Where's the Disconnect

By Andrew Paparozzi
In March 27, 2009

Our previous posting talked about some signs, albeit faint, that the economy may be stabilizing. Since then, additional data on the housing sector and durable goods orders also have put a somewhat better tone on the economic situation. Let’s be clear, “better” is relative to what was looking like an economy in freefall. Data on the job front remains dismal, as the number of individuals receiving unemployment benefits continues to rise sharply. But in this business environment, that’s to be expected. Companies are not going to be hiring until its absolutely necessary. Although the economy may be coming out of its tailspin, the first quarter will show another significant contraction for GDP. The latest consensus from Blue Chip Economic Indicators has inflation-adjusted GDP falling at an annual rate of 5.3% for the period on top of a 6.3% drop in the final quarter of last year.

The first quarter of the year also is proving extremely difficult for the commercial printing industry. In fact, the sales decline for the industry, which according to NAPL estimates averaged 9.3% for the three months ending in December 2008, has moved solidly into double-digit territory during the initial months of 2009. Furthermore, unlike data on the economy, the latest indicators from NAPL’s Printing Business Panel have yet point to any stabilization of business conditions.

Even if business conditions for the industry do begin to stabilize later in the year, and they more than likely will, a further steep contraction in commercial printing industry sales (from all sources) of more than 5% is already baked in for 2009. The extent to which sales actually decline this year will to a large degree depend on industry prices. In March, almost half of the Panel reported their prices were lower than a year ago, while 17% reported their prices being higher. At this time last year essentially the reverse was true. And if history is any guide, pricing pressure will continue even after activity begins to turn around. No matter what the final numbers for 2009 are, they will not be pretty— not for the economy or print. Is there a disconnect between a slightly better tone for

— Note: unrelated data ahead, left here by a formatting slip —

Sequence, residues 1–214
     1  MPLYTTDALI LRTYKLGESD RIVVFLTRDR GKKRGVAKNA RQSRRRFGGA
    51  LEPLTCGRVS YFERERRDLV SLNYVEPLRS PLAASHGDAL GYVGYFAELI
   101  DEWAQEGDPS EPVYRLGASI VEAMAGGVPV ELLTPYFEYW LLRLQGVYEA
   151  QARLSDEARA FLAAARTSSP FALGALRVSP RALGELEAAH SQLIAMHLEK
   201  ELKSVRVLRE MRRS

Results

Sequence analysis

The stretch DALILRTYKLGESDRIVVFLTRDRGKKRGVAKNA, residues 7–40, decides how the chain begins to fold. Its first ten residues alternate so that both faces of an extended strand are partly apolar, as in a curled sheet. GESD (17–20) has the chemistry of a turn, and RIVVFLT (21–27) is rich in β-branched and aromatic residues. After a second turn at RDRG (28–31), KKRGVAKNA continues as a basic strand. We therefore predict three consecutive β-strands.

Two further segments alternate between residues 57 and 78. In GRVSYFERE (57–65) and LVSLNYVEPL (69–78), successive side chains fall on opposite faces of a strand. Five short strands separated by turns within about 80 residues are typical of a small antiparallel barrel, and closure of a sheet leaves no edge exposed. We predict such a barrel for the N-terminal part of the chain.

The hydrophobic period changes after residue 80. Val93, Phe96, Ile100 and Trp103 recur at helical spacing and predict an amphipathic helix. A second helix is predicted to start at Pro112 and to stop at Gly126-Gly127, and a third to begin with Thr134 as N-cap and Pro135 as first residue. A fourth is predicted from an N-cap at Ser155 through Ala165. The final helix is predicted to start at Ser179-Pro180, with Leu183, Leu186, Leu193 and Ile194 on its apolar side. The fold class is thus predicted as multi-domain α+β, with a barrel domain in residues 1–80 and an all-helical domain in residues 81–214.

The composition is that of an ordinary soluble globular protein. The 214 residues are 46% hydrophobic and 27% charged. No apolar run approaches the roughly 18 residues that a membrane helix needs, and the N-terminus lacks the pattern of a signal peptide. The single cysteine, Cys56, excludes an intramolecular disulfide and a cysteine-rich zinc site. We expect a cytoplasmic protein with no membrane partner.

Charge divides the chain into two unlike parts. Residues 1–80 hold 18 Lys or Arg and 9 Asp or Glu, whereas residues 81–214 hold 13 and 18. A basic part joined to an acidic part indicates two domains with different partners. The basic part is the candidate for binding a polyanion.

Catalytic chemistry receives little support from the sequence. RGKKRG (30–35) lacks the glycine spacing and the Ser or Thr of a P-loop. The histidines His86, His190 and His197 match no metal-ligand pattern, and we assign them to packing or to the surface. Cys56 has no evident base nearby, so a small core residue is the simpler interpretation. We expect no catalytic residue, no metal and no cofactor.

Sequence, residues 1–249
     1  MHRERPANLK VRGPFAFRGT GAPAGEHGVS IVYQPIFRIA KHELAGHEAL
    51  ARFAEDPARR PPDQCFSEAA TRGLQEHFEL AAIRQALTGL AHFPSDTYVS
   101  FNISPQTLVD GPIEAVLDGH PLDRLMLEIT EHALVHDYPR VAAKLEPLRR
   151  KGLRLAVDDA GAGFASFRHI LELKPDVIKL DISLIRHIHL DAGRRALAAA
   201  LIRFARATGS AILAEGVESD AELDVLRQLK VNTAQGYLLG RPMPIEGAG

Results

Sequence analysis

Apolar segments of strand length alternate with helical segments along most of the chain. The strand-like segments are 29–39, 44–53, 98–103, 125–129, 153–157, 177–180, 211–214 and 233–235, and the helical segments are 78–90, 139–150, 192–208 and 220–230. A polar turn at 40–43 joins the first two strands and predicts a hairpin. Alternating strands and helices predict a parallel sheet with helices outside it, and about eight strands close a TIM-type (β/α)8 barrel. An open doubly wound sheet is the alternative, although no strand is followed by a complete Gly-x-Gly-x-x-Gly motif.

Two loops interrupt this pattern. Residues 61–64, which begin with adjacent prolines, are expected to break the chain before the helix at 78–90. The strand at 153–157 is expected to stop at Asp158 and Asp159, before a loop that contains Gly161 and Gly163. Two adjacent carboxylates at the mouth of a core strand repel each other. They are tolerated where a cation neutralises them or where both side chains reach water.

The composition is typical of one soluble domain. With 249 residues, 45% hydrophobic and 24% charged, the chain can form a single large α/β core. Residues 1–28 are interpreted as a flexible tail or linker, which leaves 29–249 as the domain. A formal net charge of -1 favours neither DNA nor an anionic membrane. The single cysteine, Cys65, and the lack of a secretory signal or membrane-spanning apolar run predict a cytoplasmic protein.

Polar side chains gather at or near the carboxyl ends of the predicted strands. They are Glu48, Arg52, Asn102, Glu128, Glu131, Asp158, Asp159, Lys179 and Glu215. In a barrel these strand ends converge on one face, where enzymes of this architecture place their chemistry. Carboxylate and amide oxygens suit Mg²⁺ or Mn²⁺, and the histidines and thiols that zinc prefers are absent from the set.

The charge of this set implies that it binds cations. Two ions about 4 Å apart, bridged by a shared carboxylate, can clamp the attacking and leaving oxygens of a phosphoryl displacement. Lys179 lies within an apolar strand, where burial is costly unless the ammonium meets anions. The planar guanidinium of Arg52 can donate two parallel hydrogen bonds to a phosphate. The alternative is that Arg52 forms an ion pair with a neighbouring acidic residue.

the economy and downright ugly numbers that continue for the industry? There really isn’t one. The recession is still very much with us. Nonetheless, with
structural changes continuing all around us, we cannot emphasize this point enough: It is not too early to think about recovery and begin putting in place those actions necessary to be on the right side of redistribution.

Andrew Paparozzi                        Joseph
Vincenzino
                        Kong
Lue Wang

Andrew Paparozzi

Epicomm's Andrew Paparozzi, Vice President/Chief Economist, is well-known for his accurate and thoughtful discussions on the economy and US commercial printing industry. A foremost author and speaker on economic business trends in the printing industry, Paparozzi heads Epicomm's Printing Economic Research Center.

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